By Hadeel Al Sayegh and Davide Barbuscia
DUBAI (Reuters) – Administrators of troubled hospital operator NMC Health are sounding out potential buyer interest for its flagship business in the United Arab Emirates (UAE), three sources familiar with the matter said.
The potential sale of its biggest assets which would also include Oman, could generate around $1 billion, one of the sources said. It follows administrators Alvarez & Marsal’s launch in August of a process to sell NMC’s international business including its international fertility units.
NMC, which was founded by Indian businessman BR Shetty in the mid-1970s, became the largest private healthcare provider in the UAE but has run into trouble after short-seller Muddy Waters questioned its financial reporting and doubts emerged over the size of stakes owned by its biggest shareholders.
NMC went into administration in April following months of turmoil over its finances and the discovery that it had $6.6 billion in debt, well above earlier estimates.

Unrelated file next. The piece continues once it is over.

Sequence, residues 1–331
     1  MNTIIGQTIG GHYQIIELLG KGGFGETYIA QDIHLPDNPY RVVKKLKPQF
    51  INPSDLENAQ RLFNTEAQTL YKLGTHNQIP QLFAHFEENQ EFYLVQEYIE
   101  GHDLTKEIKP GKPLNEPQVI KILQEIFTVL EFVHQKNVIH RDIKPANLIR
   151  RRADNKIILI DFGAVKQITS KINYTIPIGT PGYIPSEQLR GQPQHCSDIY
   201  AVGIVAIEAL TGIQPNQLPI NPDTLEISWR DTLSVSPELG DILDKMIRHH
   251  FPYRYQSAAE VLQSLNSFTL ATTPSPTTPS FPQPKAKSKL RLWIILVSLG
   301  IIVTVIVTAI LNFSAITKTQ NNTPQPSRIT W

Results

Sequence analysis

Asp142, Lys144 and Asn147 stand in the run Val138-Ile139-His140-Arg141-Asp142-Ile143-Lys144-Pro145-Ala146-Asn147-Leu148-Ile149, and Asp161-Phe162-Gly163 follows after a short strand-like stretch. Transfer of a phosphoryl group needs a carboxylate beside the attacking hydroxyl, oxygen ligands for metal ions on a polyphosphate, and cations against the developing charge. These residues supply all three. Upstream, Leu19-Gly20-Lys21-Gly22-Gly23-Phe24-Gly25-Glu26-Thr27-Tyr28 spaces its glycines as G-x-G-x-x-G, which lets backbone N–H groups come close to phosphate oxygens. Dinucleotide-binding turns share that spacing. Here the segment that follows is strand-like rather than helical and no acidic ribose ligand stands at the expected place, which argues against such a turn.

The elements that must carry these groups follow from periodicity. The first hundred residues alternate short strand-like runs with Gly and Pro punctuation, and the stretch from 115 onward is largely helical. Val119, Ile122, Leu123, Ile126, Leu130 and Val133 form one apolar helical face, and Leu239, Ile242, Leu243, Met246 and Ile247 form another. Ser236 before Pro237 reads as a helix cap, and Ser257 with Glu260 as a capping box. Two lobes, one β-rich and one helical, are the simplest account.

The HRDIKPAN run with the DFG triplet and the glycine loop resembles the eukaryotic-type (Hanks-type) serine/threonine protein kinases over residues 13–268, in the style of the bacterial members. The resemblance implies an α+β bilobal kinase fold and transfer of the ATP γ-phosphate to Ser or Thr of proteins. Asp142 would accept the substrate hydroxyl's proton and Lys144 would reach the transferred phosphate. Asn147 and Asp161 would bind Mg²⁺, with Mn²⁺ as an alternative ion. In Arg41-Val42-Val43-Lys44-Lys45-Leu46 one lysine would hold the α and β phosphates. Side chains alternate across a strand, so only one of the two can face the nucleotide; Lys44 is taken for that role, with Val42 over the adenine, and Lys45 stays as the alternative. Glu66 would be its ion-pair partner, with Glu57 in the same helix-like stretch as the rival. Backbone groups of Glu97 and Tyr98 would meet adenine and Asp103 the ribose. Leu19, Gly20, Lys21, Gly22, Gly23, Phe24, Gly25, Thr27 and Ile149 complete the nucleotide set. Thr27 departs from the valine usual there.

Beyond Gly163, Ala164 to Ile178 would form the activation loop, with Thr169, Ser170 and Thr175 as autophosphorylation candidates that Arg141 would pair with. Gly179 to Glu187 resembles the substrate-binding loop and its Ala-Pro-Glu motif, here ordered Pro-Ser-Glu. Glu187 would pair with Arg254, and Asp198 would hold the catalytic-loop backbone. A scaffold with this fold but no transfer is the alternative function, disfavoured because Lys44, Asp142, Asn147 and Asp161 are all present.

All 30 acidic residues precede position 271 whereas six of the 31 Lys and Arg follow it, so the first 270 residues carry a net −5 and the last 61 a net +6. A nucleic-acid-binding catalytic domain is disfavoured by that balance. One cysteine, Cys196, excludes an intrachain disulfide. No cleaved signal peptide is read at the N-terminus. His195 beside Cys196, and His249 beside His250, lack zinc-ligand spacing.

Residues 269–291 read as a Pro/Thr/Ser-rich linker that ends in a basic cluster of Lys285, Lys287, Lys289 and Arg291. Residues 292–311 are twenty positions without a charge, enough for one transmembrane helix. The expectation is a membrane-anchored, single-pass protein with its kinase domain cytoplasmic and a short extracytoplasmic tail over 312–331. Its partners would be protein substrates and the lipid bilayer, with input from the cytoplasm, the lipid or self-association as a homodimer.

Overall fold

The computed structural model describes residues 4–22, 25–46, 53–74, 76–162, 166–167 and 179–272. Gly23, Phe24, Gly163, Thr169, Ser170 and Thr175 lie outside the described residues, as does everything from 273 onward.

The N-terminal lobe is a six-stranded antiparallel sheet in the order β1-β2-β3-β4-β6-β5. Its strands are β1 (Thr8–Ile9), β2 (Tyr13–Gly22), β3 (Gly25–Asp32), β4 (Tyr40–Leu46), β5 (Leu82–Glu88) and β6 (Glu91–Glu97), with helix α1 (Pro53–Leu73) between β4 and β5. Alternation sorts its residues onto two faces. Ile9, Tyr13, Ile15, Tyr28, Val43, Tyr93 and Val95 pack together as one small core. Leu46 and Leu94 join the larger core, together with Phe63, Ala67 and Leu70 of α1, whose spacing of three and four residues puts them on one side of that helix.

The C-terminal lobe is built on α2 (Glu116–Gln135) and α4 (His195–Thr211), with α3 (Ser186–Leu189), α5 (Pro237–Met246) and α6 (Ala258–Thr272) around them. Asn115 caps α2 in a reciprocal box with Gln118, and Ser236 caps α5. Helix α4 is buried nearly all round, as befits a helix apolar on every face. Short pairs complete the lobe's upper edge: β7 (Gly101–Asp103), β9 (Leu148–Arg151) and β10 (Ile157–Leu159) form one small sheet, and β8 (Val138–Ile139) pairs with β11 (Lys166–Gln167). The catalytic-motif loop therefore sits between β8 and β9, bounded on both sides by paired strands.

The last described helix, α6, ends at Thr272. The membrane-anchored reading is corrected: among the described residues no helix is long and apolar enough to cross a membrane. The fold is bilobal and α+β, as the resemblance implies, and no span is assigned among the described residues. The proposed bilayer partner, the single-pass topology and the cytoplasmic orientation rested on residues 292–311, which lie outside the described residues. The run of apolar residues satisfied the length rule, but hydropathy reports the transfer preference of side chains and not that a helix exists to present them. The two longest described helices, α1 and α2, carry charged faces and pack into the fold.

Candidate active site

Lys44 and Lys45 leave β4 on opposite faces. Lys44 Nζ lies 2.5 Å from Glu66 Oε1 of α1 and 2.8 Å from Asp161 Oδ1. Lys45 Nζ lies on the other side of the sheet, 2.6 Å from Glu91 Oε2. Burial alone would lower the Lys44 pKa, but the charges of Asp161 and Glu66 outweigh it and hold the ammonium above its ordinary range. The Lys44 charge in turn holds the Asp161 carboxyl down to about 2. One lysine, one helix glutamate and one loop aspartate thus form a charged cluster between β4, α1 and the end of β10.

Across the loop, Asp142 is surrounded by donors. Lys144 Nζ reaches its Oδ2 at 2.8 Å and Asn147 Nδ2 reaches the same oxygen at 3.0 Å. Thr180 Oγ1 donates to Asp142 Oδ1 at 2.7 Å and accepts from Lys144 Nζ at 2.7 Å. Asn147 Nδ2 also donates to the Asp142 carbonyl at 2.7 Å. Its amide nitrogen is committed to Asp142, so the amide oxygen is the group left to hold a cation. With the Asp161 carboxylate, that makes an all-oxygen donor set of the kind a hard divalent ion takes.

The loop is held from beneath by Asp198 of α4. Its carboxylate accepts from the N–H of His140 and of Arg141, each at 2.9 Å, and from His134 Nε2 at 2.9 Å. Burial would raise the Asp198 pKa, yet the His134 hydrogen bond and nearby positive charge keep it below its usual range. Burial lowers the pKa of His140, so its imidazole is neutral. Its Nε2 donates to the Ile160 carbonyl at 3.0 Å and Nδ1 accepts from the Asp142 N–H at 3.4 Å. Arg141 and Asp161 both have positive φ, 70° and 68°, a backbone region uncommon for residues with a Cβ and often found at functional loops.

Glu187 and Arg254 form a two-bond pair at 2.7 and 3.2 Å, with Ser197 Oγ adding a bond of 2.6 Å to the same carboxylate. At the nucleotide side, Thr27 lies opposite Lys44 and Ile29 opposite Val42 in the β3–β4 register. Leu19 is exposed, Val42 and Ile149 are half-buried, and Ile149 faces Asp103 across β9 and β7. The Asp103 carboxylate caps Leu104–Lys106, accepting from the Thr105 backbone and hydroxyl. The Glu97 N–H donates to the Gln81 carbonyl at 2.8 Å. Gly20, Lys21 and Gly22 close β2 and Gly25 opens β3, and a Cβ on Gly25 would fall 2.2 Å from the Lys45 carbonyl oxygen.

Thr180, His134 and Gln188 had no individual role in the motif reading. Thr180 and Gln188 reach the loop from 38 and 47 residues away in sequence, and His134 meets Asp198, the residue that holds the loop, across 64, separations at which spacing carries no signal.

The administrators will present two options to NMC’s creditors by February: either an outright sale of the assets or a business reorganisation, said the sources. Lenders will have to vote by April on which of the two options they opt for, added one of them.
Alvarez & Marsal declined to comment when contacted by Reuters.
Investment bank Perella Weinberg Partners, which did not immediately respond to a request for comment, sent out a teaser about a week ago for a wide auction process, said the sources, declining to be named as the matter is not public.
The teaser includes NMC Health in the UAE and Oman, Al Zahra Hospital in Sharjah, Fakih IVF and CosmeSurge, said one of the sources.
It was sent to a wide range of investors including regional strategic players and sovereign wealth funds, along with private equity players, the source said.
Expressions of interest in the assets are due by Dec. 15, including an indication of valuation, all the three sources said.
NMC’s lenders are seeking valuation expectations early in the process as they are keen to have a general idea before a formal sales process begins in January, they said.
They are also looking to ensure potential buyers are not taking advantage of NMC Health’s situation by bidding at distressed prices, one of the sources said.
(Reporting by Hadeel Al Sayegh and Davide Barbuscia; editing by Emelia Sithole-Matarise)